The Dunning-Kruger Effect Shows Why Some People Think They’re Great Even When Their Work Is Terrible
Pat is a programmer at a large software company. At best, he’s a middling performer; his code is a mess (initializing variables that are never used, using variable names no one else understands, etc.), he takes longer than he should, and he doesn’t even remember his own code months later.
But Pat’s poor coding skills aren’t his most annoying attribute. What frustrates his manager the most is that Pat is absolutely convinced that he’s a great programmer. Last month was Pat’s performance review, and after receiving a low score from his manager, Pat incredulously argued:
“I’m one of the best programmers in this department! What kind of rating scale are you even using if someone with my talent can get a low score? There’s no way that your performance review form is accurately assessing my abilities. Or maybe you’re just assessing a bunch of stuff that has nothing to do with actually being a programmer!”
If you’ve ever dealt with someone whose performance stinks, and they’re not only clueless that their performance stinks but they’re confident that their performance is good, you likely saw the Dunning-Kruger Effect in action.
Coined in 1999 by then-Cornell psychologists David Dunning and Justin Kruger, the eponymous Dunning-Kruger Effect is a cognitive bias whereby people who are incompetent at something are unable to recognize their own incompetence. And not only do they fail to recognize their incompetence, they’re also likely to feel confident that they actually are competent.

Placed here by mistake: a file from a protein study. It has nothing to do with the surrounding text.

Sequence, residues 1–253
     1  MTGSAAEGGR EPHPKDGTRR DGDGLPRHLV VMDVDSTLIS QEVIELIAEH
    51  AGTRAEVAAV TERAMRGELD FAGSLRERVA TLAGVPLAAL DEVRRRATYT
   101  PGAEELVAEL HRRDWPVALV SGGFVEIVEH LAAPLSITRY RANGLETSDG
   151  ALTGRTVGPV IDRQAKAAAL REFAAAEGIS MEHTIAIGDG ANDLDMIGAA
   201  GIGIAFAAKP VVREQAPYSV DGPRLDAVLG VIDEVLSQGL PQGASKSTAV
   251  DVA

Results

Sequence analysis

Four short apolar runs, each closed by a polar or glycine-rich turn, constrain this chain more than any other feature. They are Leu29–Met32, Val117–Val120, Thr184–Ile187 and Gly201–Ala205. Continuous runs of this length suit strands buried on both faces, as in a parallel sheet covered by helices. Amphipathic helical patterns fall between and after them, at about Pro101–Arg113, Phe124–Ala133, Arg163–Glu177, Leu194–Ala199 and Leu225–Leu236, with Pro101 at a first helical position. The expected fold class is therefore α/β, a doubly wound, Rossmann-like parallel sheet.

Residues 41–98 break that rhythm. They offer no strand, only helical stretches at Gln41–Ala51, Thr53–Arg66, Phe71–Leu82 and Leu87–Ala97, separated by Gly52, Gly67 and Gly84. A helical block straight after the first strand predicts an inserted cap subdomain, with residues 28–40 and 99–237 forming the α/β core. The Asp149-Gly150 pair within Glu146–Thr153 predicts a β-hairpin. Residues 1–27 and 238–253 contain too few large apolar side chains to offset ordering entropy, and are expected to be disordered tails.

Pat’s programming skills need a lot of improvement. If Pat saw his deficiencies, he would be able to fix them, he wouldn’t fight constructive criticism of his coding, and, frankly, he wouldn’t be so frustrating to deal with.
Unfortunately, we know from the more than 10,000 people who’ve taken the online quiz “How Do You React To Constructive Criticism?” that only 39% of employees handle constructive criticism by systematically dissecting every step leading up to the thing they just got criticized for. They don’t freak out or fight the feedback, instead, they want to understand and correct the underlying issues. Now, it’s not guaranteed that the other 61% are ensconced in Dunning-Kruger, but it’s worth being concerned that they may receive feedback similarly to Pat.
The irony of the Dunning-Kruger Effect is that, Professor Dunning notes, “the knowledge and intelligence that are required to be good at a task are often the same qualities needed to recognize that one is not good at that task—and if one lacks such knowledge and intelligence, one remains ignorant that one is not good at that task.”